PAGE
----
"Most wide-release films in general can't sustain that kind of momentum a month after first hitting theaters," writes Steven Zeitchik on the Los Angeles Times' "Movies Now" blog. " 'Frozen' is not so much in the ballpark of other animated movies as it is like uncommon, often spectacle-driven films that do: film-biz phenomena such as 'Gravity,' which just hung on at No. 5 in its fifth week, and 'Avatar,' which continued to win the weekend on its sixth and seventh weekends of release."
For example, "The Hunger Games: Catching Fire" was released only a week before "Frozen" went into wide release. ("Frozen" debuted in only one theater is its first week.) While the initial surge for "Catching Fire" was much larger, it slipped to No. 9 this weekend with $7.4 million. Even "The Hobbit: The Desolation of Smaug," which was released two weeks after "Frozen," could only muster $16.3 million for third place this weekend.
"Frozen" took in an estimated $20.7 million this weekend, according to Rentrak, outpacing the only new release, "Paranormal Activity: The Marked Ones," which opened in second with $18.2 million.
With this weekend's performance, "Frozen" is set to cross the $300 million domestic mark Monday. It is already the No. 4 domestic film of 2013 and could conceivably catch No. 3 – "Despicable Me 2," which took in $367 million. In addition, the film could become the top grosser in the history of Disney Animation this week, outpacing the $312 million "The Lion King" brought in before being re-released in 3-D.
Coming on the heels of "Tangled" and "Wreck-It Ralph," "Frozen" suggests that Disney Animation is in the midst of a renaissance approaching the "golden age" of the early 1990s, when "The Little Mermaid," "Beauty and the Beast," and "Aladdin" revitalized the studio.
“The movie is probably the best non-Pixar Disney movie since the classics of the 1990s,” Jim Silver, editor of Time to Play Magazine, a toy publication, told Bloomberg News.
So how did "Frozen" do it?
Brilliantly terrible marketing. For "Frozen," Disney took a page out of its own playbook. Three years earlier, Disney turned the Rapunzel fairy tale into the gender-neutral "Tangled" and marketed the main male character as an Indiana Jones-style swashbuckler. The fear was that Disney's previous fairy tale, "The Princess and the Frog," had underperformed because boys didn't want to go to a princess movie.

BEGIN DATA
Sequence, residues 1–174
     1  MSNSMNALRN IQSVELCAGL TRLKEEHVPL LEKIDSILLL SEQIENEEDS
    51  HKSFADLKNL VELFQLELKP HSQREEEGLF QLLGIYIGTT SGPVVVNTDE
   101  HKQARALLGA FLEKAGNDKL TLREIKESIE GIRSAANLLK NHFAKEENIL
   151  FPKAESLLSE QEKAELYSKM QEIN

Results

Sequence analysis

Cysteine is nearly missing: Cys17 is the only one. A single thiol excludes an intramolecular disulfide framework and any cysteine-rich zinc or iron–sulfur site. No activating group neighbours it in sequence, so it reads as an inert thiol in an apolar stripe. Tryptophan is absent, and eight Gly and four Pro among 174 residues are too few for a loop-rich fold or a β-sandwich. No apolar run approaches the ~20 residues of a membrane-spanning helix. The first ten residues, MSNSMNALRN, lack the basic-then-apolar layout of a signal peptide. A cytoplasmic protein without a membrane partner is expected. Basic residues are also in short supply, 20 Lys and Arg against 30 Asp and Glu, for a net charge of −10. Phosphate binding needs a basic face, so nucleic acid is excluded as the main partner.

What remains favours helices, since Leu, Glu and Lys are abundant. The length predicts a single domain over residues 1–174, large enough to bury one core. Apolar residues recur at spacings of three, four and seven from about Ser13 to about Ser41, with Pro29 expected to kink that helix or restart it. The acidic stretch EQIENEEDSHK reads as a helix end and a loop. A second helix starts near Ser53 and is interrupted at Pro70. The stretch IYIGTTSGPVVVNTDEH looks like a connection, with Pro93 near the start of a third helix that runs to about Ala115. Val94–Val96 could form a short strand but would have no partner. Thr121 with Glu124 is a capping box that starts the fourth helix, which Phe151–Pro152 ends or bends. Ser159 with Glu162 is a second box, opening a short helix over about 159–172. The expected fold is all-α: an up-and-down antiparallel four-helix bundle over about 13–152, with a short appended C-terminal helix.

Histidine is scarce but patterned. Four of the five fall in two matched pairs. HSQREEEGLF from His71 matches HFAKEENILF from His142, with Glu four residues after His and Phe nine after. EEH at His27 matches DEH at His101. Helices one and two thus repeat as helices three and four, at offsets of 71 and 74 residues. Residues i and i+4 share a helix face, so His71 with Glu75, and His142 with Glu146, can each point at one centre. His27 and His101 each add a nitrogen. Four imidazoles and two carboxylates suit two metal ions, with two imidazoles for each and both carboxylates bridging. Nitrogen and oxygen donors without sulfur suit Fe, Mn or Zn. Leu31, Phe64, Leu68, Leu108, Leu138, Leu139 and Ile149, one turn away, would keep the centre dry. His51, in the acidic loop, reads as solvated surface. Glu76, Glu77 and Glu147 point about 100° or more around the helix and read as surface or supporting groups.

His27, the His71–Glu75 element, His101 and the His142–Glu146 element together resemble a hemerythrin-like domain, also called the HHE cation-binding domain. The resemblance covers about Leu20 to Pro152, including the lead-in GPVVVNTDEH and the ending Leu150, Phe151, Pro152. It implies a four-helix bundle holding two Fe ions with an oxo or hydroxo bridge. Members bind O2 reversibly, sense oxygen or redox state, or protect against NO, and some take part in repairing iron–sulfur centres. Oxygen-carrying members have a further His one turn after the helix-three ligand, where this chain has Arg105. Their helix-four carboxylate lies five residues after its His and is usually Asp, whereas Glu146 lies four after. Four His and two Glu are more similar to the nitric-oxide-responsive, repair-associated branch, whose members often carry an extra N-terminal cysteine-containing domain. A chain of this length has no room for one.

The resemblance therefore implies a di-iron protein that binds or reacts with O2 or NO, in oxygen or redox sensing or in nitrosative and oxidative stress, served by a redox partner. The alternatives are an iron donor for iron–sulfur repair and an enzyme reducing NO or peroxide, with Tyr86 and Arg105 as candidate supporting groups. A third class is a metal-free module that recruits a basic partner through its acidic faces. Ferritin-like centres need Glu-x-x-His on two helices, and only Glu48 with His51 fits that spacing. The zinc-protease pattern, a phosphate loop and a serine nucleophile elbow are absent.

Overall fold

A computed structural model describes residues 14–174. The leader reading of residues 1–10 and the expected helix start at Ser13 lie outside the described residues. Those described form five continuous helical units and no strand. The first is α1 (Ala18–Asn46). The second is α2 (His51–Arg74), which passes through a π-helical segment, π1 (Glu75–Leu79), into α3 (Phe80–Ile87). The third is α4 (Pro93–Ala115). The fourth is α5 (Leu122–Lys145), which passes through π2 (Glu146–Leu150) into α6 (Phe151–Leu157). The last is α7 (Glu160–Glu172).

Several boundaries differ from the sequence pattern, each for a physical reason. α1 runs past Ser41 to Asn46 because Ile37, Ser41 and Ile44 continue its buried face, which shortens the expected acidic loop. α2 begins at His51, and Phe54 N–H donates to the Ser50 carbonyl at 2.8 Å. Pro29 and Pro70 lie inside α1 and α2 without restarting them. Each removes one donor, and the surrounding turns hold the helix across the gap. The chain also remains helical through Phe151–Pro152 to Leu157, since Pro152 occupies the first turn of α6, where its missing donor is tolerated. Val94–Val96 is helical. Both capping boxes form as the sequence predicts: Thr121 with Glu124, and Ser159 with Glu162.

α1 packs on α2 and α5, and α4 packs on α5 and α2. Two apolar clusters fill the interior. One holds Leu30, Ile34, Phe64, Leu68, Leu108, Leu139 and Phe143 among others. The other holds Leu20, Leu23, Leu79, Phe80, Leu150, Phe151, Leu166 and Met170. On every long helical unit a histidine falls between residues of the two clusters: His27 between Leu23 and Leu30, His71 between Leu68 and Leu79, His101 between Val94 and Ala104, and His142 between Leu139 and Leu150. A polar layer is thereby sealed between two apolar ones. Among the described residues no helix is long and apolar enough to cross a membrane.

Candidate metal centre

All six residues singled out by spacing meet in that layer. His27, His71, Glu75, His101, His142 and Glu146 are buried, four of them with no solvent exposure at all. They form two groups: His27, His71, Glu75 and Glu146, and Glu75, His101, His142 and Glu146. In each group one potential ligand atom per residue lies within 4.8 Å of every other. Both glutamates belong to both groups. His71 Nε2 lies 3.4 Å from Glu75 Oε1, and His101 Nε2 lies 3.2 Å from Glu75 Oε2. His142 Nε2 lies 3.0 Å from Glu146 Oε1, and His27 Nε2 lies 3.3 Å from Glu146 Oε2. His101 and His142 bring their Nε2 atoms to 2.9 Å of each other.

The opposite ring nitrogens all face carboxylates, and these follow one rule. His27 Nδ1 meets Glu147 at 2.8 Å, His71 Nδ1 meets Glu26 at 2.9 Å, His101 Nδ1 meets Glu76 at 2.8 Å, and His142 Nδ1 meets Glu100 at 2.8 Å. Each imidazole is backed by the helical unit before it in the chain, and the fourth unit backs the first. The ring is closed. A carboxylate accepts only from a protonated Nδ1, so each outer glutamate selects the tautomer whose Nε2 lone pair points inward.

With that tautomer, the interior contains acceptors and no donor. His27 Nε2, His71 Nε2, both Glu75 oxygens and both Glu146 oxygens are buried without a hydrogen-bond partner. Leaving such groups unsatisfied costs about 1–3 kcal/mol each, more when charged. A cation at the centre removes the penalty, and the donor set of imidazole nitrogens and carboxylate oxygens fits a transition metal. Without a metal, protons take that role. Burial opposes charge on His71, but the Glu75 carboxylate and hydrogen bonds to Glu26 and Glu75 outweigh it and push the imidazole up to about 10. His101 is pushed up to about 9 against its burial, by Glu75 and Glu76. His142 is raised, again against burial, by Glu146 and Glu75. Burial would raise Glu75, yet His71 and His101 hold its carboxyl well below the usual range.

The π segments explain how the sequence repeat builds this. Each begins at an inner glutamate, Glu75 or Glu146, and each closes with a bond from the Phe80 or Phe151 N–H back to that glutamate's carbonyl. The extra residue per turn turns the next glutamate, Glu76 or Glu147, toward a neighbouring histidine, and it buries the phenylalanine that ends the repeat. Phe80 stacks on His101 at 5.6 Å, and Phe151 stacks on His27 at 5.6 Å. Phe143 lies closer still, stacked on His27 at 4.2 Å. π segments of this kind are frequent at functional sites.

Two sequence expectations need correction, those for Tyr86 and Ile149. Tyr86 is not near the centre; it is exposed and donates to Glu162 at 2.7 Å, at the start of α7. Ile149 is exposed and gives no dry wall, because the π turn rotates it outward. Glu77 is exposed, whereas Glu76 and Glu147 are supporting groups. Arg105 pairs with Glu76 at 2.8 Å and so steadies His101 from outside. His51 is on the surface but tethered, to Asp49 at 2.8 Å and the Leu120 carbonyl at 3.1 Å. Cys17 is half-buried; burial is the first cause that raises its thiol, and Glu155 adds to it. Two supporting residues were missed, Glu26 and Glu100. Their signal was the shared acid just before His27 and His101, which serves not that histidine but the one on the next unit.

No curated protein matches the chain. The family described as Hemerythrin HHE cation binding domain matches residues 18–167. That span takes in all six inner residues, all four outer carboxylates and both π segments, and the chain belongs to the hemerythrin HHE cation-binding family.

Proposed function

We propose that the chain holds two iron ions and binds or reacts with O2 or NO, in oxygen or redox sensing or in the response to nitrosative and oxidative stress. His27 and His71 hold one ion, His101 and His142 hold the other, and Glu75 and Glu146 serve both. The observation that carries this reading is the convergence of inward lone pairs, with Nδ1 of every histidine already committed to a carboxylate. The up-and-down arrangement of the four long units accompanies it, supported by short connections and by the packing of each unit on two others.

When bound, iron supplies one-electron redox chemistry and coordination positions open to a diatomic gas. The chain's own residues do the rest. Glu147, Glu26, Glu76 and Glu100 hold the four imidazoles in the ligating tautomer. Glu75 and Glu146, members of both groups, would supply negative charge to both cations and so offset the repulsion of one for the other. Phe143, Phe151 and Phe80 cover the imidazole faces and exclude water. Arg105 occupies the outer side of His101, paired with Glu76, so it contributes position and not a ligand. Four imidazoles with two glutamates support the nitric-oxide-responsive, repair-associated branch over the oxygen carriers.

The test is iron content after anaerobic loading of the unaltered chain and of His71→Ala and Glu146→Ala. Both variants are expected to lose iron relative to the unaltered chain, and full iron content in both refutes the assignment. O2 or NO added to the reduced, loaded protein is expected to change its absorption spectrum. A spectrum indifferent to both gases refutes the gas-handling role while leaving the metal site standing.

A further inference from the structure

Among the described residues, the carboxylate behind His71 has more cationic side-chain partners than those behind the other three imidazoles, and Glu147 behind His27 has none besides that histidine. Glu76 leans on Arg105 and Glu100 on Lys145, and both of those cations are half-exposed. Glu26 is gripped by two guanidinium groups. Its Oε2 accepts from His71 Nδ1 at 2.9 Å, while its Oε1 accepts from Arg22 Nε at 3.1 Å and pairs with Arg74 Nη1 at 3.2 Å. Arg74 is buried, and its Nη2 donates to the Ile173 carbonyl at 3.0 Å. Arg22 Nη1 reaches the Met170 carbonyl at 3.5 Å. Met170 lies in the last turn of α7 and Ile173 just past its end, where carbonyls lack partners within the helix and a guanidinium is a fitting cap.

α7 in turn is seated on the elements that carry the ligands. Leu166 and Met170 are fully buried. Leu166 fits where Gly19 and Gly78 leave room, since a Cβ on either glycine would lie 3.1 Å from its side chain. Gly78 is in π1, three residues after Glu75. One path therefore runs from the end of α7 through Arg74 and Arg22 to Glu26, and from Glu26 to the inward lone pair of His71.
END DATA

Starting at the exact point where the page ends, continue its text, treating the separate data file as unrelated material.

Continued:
Fast forward to this fall, and one could be forgiven for thinking that "Frozen" was a movie about a snowman and a reindeer fighting for a carrot. The first trailer mentioned nothing about Anna or Elsa, the two princess-sisters at the core of the story. (The film is loosely based on Hans Christian Andersen's "The Snow Queen.") Even the second trailer was more about wise cracks and wacky hijinks than sisterly love.
"How wonderful is it that audiences got to experience the film’s biggest pleasures, from its heartbreaking prologue to Idina Menzel’s powerhouse ballad 'Let It Go', in a theater rather than in a spoilery trailer or television spot?" Mr. Mendelson writes. "That's the key of the 'false sell' or the 'under sell'. You build word-of-mouth by allowing the audience to 'discover' the film’s quality for themselves."
The false under-sell, he said, only works if it's a "film that absolutely delivers when audiences show up." But "Frozen" won a much-coveted "A-plus" CinemaScore rating from audiences, and the rest is history.
Good timing. The holiday season is made for family fare. Two often snow-filled weeks with the kiddos at home? Let's go to the movies! This season, "Frozen" was virtually the only game in town for family entertainment. The animated "Walking With Dinosaurs" opened Dec. 20 but has garnered little buzz, leaving the field clear for "Frozen."
The classic Disney formula. The creators of "Frozen" have been unabashed. This is a musical. Sure, "Tangled" featured songs, including one nominated for an Oscar. Some of them were lovely. But in "Frozen," the music is the engine of the movie – and it's top-of-the-playlist fantastic.
Marking a return to the formula of "The Little Mermaid" and "Beauty and the Beast," "Frozen" turned to Broadway for its composers and talent. Ms. Menzel, who plays Elsa, won a Tony as the original Elphaba in the musical "Wicked," and the composer husband-wife team of Robert Lopez and Kristen Anderson-Lopez wrote the tunes for the Tony award-winning "Book of Mormon."
Billboard ranks the "Frozen" soundtrack as its No. 4 album – the highest rank for a Disney animated film since "Pocahontas" in 1995. On iTunes, however, "Frozen" is the top selling album, outpacing even the new release by Beyoncé.
The film's showstopper, Menzel's "Let It Go," seems a lock for an Oscar.
It's a darn good film. The film, too, seems a shoo-in for the best animated feature Oscar, telling a classic Disney fairy tale earnestly, and yet at the same time seamlessly turning the classic Disney fairy tale on its head.
" 'Frozen' tapped into the cultural zeitgeist by fine-tuning the core elements and went far-and-above what was reasonably expected of a film in its respective 'franchise'," writes Mendelson. "Coupled with its $639.9m worldwide take, this is the kind of situation where I would have felt reckless predicting this level of success, which is why it's so pleasing."